In the wake of the Silicon Valley Bank collapse, troubled Swiss banking giant Credit Suisse has been hit with bank runs and potential collapse. Credit Suisse is one of around 30 banks worldwide deemed too big to fail because they are of such importance to the international banking system. The bank, founded in 1856 has been unprofitable over the course of the last decade and has racked up billions in legal losses. It reported a loss of 7.3bn Swiss francs (CHF) ($7.9bn; £6.5bn) in 2022 – its worst financial performance since the financial crisis of 2008 as well as warning that it could only expect profitability in 2024. The Financial Times reported that deposit outflows from the bank topped CHF10bn ($10.8bn) a day last week after fears about the bank’s financial health. The share price fell sharply after Credit Suisse reported “material weakness” in its financial reporting – falling 24% on Wednesday and initiating a general sell-off on European markets. In an effort to save the bank, the Swiss National Bank (SNB) provided Credit Suisse with a CHF50 billion line of credit which stabilised the share price.

Regulators have proposed that Credit Suisse’s largest banking rival in Switzerland, UBS, take control of Credit Suisse. They are reportedly trying to reach a deal before markets open on Monday morning. UBS has so far been unwilling to burden itself with Credit Suisse, with Bloomberg, Reuters and the WSJ all reporting that UBS is asking the Swiss government for a backstop to cover any future risks were it to buy Credit Suisse Group AG. Swiss regulators have said that a deal with UBS is the only solution to prevent the collapse of Credit Suisse. Should a deal not happen soon, there is a high chance of Credit Suisse’s remaining depositors will flee and the bank will collapse, spelling potentially dire consequences for the world banking system.

In the course of the last three years, while Credit Suisse shares have dropped 70 percent, UBS shares have gained 120%. UBS returned a profit of $7.6bn in 2022. Should a merger go through, it would create one of the largest financial institutions in the world. UBS currently has $1.1 trillion in total assets on its balance sheet and Credit Suisse has $575bn. The Swiss government held an emergency meeting on Saturday night but there has been no official statement on the outcome of the negotiations. Should the bank collapse, it will join the ranks of American banks Silicon Valley Bank and Signature Bank that collapsed since March 10. Trouble also hit U.S. markets as shares of First Republic bank dropped 33%, a day after it received an injection of funds from the country’s biggest banks.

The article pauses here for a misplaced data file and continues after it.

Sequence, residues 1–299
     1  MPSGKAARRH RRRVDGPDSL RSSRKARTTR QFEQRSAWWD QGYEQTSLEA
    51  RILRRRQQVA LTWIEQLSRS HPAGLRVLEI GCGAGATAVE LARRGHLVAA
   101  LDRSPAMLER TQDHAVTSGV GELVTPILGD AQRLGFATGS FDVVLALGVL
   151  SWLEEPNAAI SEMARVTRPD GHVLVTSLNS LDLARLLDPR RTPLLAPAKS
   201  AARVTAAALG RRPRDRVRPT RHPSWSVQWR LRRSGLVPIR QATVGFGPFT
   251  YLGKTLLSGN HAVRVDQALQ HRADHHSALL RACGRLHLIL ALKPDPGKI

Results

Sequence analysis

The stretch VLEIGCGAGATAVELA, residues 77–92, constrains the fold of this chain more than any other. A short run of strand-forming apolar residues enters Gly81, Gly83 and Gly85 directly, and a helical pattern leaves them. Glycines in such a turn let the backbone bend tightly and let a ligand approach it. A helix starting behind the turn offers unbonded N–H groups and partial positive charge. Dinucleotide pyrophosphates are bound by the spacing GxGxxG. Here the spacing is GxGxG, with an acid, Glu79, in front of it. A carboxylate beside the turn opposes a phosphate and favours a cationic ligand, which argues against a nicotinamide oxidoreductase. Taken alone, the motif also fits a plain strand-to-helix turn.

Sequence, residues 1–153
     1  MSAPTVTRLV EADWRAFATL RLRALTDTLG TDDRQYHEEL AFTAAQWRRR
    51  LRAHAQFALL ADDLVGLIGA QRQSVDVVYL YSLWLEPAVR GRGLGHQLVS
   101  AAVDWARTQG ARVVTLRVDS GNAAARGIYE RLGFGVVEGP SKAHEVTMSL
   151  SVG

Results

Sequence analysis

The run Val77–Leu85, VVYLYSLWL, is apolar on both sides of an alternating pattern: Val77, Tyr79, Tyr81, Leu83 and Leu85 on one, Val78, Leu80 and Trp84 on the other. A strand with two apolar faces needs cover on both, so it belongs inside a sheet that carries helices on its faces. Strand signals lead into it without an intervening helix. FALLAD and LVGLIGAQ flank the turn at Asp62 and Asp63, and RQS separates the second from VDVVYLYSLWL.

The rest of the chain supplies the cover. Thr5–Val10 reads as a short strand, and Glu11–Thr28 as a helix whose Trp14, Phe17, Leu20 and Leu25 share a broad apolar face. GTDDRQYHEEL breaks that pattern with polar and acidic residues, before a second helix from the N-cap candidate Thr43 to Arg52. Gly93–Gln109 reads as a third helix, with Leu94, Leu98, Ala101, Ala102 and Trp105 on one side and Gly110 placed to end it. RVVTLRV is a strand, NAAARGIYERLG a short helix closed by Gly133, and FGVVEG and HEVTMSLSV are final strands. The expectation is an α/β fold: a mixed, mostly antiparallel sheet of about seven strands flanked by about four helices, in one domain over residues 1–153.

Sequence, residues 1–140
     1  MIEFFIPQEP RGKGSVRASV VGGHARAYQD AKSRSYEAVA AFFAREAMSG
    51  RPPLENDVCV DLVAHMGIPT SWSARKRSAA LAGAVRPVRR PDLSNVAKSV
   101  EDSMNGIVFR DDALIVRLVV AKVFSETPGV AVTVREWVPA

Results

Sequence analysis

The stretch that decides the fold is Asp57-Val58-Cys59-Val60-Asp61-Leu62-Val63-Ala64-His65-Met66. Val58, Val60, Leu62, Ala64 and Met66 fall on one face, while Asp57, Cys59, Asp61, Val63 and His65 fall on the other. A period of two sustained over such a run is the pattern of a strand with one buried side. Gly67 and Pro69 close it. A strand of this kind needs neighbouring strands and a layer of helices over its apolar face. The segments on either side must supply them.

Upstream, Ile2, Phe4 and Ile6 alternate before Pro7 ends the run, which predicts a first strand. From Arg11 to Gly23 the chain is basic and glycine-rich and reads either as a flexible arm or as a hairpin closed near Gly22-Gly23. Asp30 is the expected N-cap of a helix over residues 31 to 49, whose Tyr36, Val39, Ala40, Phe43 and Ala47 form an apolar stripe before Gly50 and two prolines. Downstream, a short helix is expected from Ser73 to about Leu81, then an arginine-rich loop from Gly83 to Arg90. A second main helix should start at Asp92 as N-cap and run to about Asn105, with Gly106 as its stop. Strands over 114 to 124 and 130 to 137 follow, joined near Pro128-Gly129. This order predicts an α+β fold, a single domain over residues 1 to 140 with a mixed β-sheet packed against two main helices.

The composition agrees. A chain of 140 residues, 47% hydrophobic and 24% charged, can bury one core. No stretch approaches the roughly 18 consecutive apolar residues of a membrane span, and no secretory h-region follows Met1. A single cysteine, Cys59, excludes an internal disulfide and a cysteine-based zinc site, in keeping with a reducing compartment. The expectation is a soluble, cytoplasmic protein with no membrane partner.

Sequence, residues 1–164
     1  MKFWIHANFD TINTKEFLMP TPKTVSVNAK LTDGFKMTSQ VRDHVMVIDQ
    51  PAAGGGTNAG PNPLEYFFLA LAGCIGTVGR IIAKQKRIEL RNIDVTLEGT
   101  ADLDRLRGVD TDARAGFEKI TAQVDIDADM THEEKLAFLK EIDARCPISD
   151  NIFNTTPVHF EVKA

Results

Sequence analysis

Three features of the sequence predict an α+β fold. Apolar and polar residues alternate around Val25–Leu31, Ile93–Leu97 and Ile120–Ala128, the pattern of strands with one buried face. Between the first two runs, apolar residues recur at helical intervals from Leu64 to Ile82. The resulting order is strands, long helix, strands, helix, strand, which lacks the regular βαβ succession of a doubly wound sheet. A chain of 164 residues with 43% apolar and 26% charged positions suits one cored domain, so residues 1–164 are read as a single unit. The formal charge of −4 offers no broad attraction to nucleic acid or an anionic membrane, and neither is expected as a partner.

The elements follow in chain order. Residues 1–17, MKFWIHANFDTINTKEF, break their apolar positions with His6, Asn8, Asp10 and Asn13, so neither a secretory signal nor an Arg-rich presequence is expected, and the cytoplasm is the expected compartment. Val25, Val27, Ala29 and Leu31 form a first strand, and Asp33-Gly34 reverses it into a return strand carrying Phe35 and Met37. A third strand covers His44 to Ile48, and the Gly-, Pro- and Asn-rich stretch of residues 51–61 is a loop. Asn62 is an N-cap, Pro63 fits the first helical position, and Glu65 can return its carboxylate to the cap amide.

In typical Parisian fashion, protestors against the government’s plans to raise the French retirement age have clashed with police. The unrest has been growing since the start of the year and has caused waves of strikes and the build-up of rubbish on the streets of Paris, as trash collectors refuse to go to work for a 12th day. French police fired teargas at protestors chanting “Macron, resign”. 310 people were arrested overnight on Saturday – most in Paris. French president Macron and his government want to raise the retirement age from 62 to 64. Protests continue over the weekend and into the next week – at particular risk are the Baccalaureate high-school exams which are required for admission to university.

Turkish president Erdogan has announced he will ratify Finland’s bid to join the NATO alliance. Erdogan announced the decision on Friday after meeting with Finnish President Sauli Niinisto in Ankara. Turkey has so far withheld its approval for Sweden joining the alliance, citing Sweden’s support of those Turkey classifies as terrorists. Finland’s NATO application will now be voted on by the Turkish parliament – where Erdogan’s party is the majority. Ratification is expected before parliamentary elections are held on May 14.

Turkey and Egypt have held the first diplomatic talks in a decade, and have announced that they will continue talks about normalising relations. The two countries have had strained relations since 2013 when after Egypt’s then-army chief Abdel Fattah el-Sisi led the removal of Muslim Brotherhood’s Mohamed Morsi, an ally of Turkey.

The oil price dropped below $73 dollars, the lowest price since late 2021. West Texas Intermediate crude futures, the U.S. benchmark, fell as low as $65.17 per barrel on Friday, down 4.7% from Thursday’s levels. Brent crude, the international benchmark, fell as much as 4.4%, to $71.40 per barrel. Both products rebounded somewhat around midday, but were still trading down on the day. Brent is off by about 15% in just the past 10 days. President Joe Biden said last year that the U.S. government would consider purchases when oil was at or below $67-$72 per barrel, a level that would apply today.

In the week ahead:

The Federal Reserve’s next US monetary policy meeting is scheduled for 21-22 March. The Fed is expected to approve a 25 basis point interest rate hike

Chinese president Xi Jinping will visit Moscow in the coming week where he will meet with Russian president Vladimir Putin. This will be Xi’s first foreign trip since securing his third term as Chinese president last week.

One thought on “The World That Was”
  1. As I and we know. The children and families that went to Russia was to get away from hostilities.

    Recommending at or on Y T, by Suisse Press, the footage by Anne Laure Bonnel.

    And, by Redacted, scroll done their video list, when you see Gray zone, listen to Max Blumenthal and Wyatt Reed.

    Take care.

Comments are closed.